Climate change forcing cities to rethink their tree mix
Cities need to plant more trees. But not just any trees.
As communities prepare for a massive influx of federal funding to support urban forestry, their leaders say the tree canopy that grows to maturity 50 years from now will need to be painted with a different palette than the one that exists today.
“You need a tree that’s going to survive the weather of today and the climate of the future,” said Pete Smith, urban forestry program manager with the Arbor Day Foundation, a Nebraska-based nonprofit that supports tree planting and care.
Forestry experts say trees are critical infrastructure that can help cities withstand the effects of climate change by providing shade, absorbing stormwater and filtering air pollution. But to do that, the trees themselves need to be resilient.
“We’re developing planting lists that are diverse, that look at tolerance to drought, storm events and flooding, heat, changes to the highs and lows,” said Kevin Sayers, urban forestry coordinator with the Michigan Department of Natural Resources. “The extremes in the weather are really going to limit us.”
While arborists look for trees that will thrive in the climate conditions they’re likely to face in the coming decades, scientists say they can’t simply count on a handful of climate “winners.” Many cities, for example, have lost vast amounts of their tree canopy because they relied too heavily on one tree type that a pathogen or pest later wiped out, such as Dutch elm disease or the emerald ash borer.
“Unless we start diversifying the urban forest, we're going to end up losing quite a bit of it again,” said John Ball, South Dakota State University Extension forestry specialist and South Dakota Department of Agriculture specialist on forest health.
Ball urges cities not to plant more than 5% of any one genus of tree, but many communities have struggled to reach the diversity goals that he and other forest health experts recommend. Foresters say it takes effort to determine which trees will grow in challenging urban conditions, and nurseries often lack the less common trees they’re looking for.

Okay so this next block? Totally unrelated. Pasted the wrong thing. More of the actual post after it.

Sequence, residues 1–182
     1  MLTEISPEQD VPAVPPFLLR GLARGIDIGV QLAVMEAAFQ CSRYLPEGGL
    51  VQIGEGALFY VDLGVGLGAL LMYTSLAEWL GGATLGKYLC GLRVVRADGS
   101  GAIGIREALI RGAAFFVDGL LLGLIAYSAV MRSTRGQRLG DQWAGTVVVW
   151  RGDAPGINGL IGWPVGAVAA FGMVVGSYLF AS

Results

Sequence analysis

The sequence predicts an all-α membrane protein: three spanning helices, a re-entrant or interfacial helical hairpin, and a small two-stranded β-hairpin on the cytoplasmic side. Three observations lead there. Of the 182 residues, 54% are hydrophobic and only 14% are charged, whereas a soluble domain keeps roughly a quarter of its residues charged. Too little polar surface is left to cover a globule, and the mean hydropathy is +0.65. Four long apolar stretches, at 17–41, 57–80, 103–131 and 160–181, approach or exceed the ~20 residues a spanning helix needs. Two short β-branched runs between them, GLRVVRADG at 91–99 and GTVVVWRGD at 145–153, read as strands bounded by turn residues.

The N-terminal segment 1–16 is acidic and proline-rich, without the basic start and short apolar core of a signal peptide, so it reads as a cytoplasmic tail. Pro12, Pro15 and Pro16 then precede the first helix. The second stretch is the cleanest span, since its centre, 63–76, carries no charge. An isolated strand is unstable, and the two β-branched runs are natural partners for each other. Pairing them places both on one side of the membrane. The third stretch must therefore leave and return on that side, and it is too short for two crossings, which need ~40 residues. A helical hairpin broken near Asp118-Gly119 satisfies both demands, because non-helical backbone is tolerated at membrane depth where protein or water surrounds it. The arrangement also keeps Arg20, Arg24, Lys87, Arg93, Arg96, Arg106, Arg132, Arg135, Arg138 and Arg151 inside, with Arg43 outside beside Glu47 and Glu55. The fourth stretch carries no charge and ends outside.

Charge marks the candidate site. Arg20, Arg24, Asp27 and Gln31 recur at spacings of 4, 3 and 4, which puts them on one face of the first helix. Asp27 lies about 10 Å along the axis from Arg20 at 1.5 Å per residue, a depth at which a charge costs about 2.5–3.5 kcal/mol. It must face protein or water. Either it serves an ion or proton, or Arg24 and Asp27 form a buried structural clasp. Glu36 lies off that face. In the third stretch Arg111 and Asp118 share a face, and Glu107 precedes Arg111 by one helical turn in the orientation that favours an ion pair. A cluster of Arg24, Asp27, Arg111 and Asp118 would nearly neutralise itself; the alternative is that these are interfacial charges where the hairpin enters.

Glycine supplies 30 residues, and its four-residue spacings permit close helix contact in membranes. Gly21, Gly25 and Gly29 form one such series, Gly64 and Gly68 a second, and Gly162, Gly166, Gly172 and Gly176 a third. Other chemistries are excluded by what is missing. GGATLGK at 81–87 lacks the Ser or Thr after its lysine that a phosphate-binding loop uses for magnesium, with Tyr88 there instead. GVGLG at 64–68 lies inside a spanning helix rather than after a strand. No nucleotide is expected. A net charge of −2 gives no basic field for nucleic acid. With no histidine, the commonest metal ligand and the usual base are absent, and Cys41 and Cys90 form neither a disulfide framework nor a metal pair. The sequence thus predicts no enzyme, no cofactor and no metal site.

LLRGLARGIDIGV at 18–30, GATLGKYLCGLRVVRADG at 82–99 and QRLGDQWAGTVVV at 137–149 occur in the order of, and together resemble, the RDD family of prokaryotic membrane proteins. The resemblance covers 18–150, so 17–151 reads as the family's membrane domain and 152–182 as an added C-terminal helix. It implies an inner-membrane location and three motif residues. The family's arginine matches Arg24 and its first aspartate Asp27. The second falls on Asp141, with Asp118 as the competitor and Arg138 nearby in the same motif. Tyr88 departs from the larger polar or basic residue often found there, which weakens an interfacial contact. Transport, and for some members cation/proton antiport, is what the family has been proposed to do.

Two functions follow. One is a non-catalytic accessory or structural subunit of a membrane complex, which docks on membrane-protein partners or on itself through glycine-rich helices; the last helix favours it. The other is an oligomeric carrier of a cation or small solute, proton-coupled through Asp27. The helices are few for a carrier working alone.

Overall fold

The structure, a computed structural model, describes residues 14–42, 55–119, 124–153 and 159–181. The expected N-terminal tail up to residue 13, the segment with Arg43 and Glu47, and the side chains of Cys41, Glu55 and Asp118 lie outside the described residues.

Amid those challenges, cities and states are preparing to receive $1.5 billion in urban forestry funding approved by Congress earlier this year as part of the Inflation Reduction Act. Forestry leaders say that the newfound support will be transformative, but turning the money into a healthy tree canopy decades from now will be a complicated task.
“The pressure is on, but in a good way,” said Kesha Braunskill, urban forestry coordinator with the Delaware Forest Service. “This is a once-in-a-career opportunity for all of us in urban forestry, and how we use it is going to impact those who are in our positions 50 years from now.”
‘A little more picky’
Some cities already are making changes.
Jeremy Harold, green space manager for Harrisonburg, Virginia, said the city once took a “cookie cutter” approach to tree planting, but is now working to broaden its species mix. The city sits in the Shenandoah Valley within the Appalachian Mountain range, but it has added trees such as willow oak and sweetgum from Virginia’s coastal plain region.
“I’m putting them in our inventory now, because as temperatures rise, those trees will be adapted,” Harold said. “We’re looking for species that can tolerate those temperatures and survive.”
In Seattle, many of the city’s bigleaf maples and western red cedars are struggling in urbanized areas. Foresters are now careful to plant them in favorable microclimates, with conditions such as good soil moisture and north-facing slopes that remain cooler.
“We’re being a little more picky about where we put them on the landscape,” said Michael Yadrick Jr., plant ecologist with Seattle Parks and Recreation.
Meanwhile, the city is planting more Pacific madrone and Garry oaks that tolerate hotter, drier conditions. And within individual tree species, it’s adding trees grown from seeds taken from further south in their range, with the goal of adding resilient genotypes to the mix.
State officials in Texas operate a genetic improvement program that has produced nine “Texas Tested, Texas Tough” tree species that are adapted to handle difficult conditions, including Shumard oaks and bald cypress.